A decade later: Freedman's Bank still connecting families
Freedman's Bank records play a big role in connecting African-American families
"The release of the Freedman's Bank records is a significant step towards making valuable records available for African-Americans searching for their roots," said President Henry B. Eyring, then a member of the Quorum of the Twelve. "We hope that in coming years more emphasis will be placed on the growing need for such resources."
Eleven years later
Today the Freedman's Bank records are easily accessed in public libraries and on a variety of genealogical websites.
The LDS Church's free website, FamilySearch.org, updated the records as recently as 2010. Search "Freed" under FamilySearch's all historical record collections and you will find more than 842,200 additional records among the Freedmen's Bureau Marriages, 1815-1869, and Freedmen's Bureau Letters or Correspondence, 1865-1872.
From May to December 2011, more than 5,100 people accessed the Freedman's Bank records on FamilySearch.org, according to James L. Ison, a FamilySearch manager. That calculates out to an average of approximately 550 visitors per month.
"It's affecting lives around the country," said Gray, who travels from one coast to another presenting at genealogical conferences. "There is significant involvement by the African-American community in family history and it's growing."
More African-American records are emerging. A historical society in Virginia, where slavery began in the American colonies in the early 1600s, recently discovered the identities of 3,200 slaves from unpublished private documents. The "Unknown No Longer: A Database of Virginia Slave Names" website is now an online resource, according to CNN."
Another website, afrigeneas.com, provides a wealth of African-American historical information.
A recent article on Buffalonews.com featured several African-American genealogy success stories.
Many are intimidated by the required detective work, Riley said, but others are proving it can be done.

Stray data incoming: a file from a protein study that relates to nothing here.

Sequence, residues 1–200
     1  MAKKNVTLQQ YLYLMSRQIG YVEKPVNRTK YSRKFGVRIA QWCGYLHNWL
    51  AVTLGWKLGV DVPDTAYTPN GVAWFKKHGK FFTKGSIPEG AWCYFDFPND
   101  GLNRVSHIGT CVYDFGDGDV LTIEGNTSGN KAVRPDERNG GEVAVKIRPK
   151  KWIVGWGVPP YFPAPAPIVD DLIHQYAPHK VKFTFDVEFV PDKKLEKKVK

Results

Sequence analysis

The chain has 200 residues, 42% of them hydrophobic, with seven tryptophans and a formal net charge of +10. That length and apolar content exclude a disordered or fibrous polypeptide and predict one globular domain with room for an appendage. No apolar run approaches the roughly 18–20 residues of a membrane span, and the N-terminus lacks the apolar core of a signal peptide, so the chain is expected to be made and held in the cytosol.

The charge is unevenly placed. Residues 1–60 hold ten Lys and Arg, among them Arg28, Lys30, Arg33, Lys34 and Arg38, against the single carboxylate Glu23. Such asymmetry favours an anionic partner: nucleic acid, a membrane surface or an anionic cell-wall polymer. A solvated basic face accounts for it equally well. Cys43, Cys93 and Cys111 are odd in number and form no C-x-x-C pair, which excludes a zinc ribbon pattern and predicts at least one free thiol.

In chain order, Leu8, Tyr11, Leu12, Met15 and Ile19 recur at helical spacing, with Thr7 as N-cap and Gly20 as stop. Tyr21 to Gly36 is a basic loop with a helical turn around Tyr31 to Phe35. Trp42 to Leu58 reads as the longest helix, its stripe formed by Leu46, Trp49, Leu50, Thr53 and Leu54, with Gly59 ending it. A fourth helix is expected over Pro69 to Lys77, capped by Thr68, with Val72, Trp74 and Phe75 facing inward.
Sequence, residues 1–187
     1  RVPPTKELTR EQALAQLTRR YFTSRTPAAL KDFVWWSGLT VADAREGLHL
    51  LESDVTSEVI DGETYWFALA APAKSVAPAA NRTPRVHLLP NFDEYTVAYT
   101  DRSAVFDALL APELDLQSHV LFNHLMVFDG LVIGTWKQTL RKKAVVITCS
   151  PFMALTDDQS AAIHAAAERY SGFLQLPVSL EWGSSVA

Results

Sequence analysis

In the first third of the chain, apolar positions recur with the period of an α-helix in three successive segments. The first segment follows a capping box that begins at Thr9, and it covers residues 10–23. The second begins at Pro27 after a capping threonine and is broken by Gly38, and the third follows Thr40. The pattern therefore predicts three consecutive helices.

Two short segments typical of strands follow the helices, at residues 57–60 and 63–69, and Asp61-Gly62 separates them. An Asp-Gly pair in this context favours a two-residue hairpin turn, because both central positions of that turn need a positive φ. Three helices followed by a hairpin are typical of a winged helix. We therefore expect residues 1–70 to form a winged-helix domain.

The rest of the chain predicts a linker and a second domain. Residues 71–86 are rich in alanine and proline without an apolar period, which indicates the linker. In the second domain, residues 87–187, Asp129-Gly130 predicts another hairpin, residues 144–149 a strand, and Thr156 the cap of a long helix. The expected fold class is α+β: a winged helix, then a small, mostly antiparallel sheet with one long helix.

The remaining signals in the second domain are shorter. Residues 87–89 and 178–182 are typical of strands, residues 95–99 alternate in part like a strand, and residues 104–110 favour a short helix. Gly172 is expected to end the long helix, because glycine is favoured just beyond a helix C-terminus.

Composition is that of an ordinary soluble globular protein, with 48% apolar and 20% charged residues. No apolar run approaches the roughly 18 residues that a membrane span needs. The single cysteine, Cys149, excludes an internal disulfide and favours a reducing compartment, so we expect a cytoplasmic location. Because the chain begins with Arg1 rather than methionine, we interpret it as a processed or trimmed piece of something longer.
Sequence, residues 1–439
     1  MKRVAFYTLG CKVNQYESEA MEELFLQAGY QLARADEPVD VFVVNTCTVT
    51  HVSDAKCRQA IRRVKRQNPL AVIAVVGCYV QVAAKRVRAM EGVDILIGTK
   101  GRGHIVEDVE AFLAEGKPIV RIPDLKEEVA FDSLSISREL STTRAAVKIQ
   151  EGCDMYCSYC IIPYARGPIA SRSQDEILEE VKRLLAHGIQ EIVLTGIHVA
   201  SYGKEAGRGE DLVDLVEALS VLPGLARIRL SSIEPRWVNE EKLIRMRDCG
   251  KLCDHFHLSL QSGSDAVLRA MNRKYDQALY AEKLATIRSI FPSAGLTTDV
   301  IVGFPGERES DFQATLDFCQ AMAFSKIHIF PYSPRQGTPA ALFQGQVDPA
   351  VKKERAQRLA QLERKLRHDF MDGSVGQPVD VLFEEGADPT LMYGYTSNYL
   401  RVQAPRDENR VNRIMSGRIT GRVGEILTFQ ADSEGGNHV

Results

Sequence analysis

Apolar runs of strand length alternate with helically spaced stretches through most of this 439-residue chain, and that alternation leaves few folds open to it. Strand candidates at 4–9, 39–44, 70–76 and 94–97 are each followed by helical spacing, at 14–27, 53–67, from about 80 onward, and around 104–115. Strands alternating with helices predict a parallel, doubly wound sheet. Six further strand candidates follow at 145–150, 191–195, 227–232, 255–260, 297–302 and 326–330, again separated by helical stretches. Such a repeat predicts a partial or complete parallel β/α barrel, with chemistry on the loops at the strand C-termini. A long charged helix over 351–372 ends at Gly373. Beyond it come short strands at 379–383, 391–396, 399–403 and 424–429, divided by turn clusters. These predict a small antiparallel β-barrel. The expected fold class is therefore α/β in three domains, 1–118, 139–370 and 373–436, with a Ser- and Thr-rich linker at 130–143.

"Our ancestors are calling to us. They want us to find them," said Riley, a retired educator and administrator. "They are there; it's just a matter of finding the proper record to locate them. But be patient; it's not going to happen overnight."
"We shouldn't give up; we should keep looking," she said. "When your ancestors are ready to be found, they will make themselves known. They are not just a name on a piece of paper."
Knowing your heritage
Gray's family history journey began around 1987 with a phone call and a piece of paper. He was invited by a friend to visit the Family History Library and called his mother to verify his father's birth date. His mother told him she had found a piece of paper that not only had information about his father, but also contained birth and death dates of other family members, and was in the handwriting of his father, who had been dead for decades. Gray asked his mother where she found it, because he couldn't recall seeing it before. She told him she didn't know, that "it just showed up."
"I don't think it just happened. I like to think of angels at work," Gray said. "Making that paper available was the seed for me. It's been a blessing. I've seen others have that seed come to them and it opens a door."
Gray doesn't have to go back too far to find the difficult times. His grandfather, James Lewis Gray, was born a slave in Missouri in 1859. But knowing his heritage gives Gray a sense of pride. He says it's important to teach this lesson to young people.
"I know who I am and I'm proud of what we have contributed to this nation," he said. "Doing genealogy and family history isn't about names and dates, it's about the people and their lives. It's about connecting families."
More than a decade later, Gray and others agree Freedman's Bank records are still helping individuals to accomplish that.
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